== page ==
21 August 2008

Bolt: the world's fastest man

The debate is over: Bolt is the fastest man in the world, ever. FitnessDoc tries to answer the only question left - which performance was more spectacular?

Usain Bolt is the fastest man in the world. Ever. No question. The debate around whether the 100m or 200m record holder is the fastest man on the planet is now irrelevant, because they're the same person. The only question now, is which performance was more spectacular? FitnessDoc unpacks Bolt's Olympic feats.

Bolt shocked the world on Saturday, when he ripped a 9.69 second time to claim the 100m Olympic title. It was not so much the win, he was the world record holder, after all, as the manner of the victory that was spectacular, because he started celebrating over the line, costing himself perhaps 0.05 seconds. It could have been more, maybe less, I would guess a time of 9.64 seconds was probable.

Last night, there were no premature celebrations, just the fastest 200m race in history. He got off to a good start and ran an impressive bend, building a lead of around 3m by the time he entered the straight. And then he got into his running.

He opened the lead up, leaving behind the American challenger and Churandy Martina of the Netherlands Antilles as he pushed on to finish in an incredible 19.30 seconds.

Second went to Martina (after his 4th in the 100m race), 0.5 seconds back, while Wallace Spearmon finished third - but was then disqualified for running out of his lane - and so the bronze went to defending champion, Shawn Crawford of the USA.

There was then late drama as Martina was also disqualified (following an appeal by the USA) for running out of his lane, which meant that Crawford got silver (having finished 4th) and Walter Dix got bronze. This was sad for Martina, because 4th in the 100m must have been tough to take, but this result must have been devastating.

But make no mistake, this was all about Bolt.

Ever the entertainer, he left the celebrations for after the race and clearly focused and working hard to crack that world record. He even dipped at the line, which probably gave him the record outright. In so doing, he becomes the first man to hold both 100m and 200m world records since electronic timing began.

Don Quarrie, another Jamaican, was the last person to do this, but did it when timing was a mix of hand and electronic.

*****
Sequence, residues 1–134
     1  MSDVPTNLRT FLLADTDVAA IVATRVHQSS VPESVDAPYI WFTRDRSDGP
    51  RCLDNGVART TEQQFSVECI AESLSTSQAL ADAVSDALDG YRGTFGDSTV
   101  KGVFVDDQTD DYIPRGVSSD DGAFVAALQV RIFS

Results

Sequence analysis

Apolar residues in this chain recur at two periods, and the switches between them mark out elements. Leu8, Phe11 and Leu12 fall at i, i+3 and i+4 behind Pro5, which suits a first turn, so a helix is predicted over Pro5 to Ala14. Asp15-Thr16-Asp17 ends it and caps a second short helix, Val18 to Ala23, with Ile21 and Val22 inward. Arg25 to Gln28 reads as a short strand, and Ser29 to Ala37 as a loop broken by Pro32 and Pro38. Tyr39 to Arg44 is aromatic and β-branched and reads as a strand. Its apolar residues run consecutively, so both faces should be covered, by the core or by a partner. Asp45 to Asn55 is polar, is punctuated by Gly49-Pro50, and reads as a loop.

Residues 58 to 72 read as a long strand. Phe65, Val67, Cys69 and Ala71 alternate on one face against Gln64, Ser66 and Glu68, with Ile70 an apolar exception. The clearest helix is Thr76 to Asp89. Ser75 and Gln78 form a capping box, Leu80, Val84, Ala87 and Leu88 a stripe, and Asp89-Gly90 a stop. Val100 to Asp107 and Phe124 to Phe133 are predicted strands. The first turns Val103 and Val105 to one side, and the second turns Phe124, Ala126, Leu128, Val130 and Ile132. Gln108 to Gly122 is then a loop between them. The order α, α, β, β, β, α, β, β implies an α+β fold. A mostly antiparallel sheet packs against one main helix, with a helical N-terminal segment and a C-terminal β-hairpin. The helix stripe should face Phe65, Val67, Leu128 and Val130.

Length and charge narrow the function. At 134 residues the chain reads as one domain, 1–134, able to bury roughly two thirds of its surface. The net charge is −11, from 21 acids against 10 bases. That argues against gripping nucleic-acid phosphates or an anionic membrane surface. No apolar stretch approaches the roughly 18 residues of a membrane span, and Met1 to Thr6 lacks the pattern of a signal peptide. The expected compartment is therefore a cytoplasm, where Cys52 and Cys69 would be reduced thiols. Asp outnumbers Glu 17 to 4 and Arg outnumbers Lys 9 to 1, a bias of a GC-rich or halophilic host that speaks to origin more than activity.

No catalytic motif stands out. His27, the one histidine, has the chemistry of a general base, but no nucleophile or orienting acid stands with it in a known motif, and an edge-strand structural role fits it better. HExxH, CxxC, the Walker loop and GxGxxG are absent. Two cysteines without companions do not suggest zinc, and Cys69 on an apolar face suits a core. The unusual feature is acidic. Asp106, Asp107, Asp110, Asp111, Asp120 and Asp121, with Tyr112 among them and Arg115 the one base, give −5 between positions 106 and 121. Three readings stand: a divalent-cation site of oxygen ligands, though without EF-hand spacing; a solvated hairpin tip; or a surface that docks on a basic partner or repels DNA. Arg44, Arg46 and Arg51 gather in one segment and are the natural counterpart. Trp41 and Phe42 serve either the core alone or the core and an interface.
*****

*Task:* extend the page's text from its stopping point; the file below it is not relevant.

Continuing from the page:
Basic race analysis, with more to follow
It's so early that we don't have much in the way of analysis yet, but I can tell you that Bolt took 42 steps in the first 100m, and 38 in the second 100m. That compares to his 41 steps to win the 100m title on Saturday.

So his bend, where the step length is often shorter thanks to the turn, was actually not compromised much - the split times will reveal an interesting story about this first half. If I had to guess, I would say that he did a faster first half than Michael Johnson in 1996.

Comparison with Johnson?
You may recall that when Johnson broke the record, he did the first 100m in 10.12, and the second 100m in 9.2 seconds. I suspect that Bolt's first 100m will be under 10 seconds, given the similarity in stride length compared to Saturday's 100m final.

His second 100m will obviously also be under 10 seconds, but not 9.2 seconds like Johnson's. Again, this is a guess, but I'd say it's likely that Bolt did around 9.90 and then 9.40 seconds. All we need now are the split times to either prove or disprove that.

A headwind - is there room for improvement?
Perhaps most remarkable of all, he did it into a slight headwind - 0.9m/s. That means, dare I say it, that we can look forward to another Bolt world record in the future, as he likely has a tiny amount more in the bank.

For now though, Bolt is the man of the Games, along with Michael Phelps. He has electrified the world of track and field and is suddenly the biggest name in the sport.

His agent's phone, still ringing from the 100m race, will now be ringing off the hook in the weeks to come as everyone will want a piece of Bolt.

It's amazing to consider how meteoric his rise has been. Who would have believed, just four months ago, that by August, we'd be referring to a dual world record holder for the 100m and 200m?

Michael Johnson's 200m world record was regarded as "indestructible", and few would have picked Bolt to break the 100m record. Yet he's done both, with panache and style, and Jamaicans are the kings of the track after also winning the only other gold on offer the same night - the women's 400m hurdles.

(Health24's FitnessDoc, Dr Ross Tucker, August 2008. Dr Tucker also blogs on


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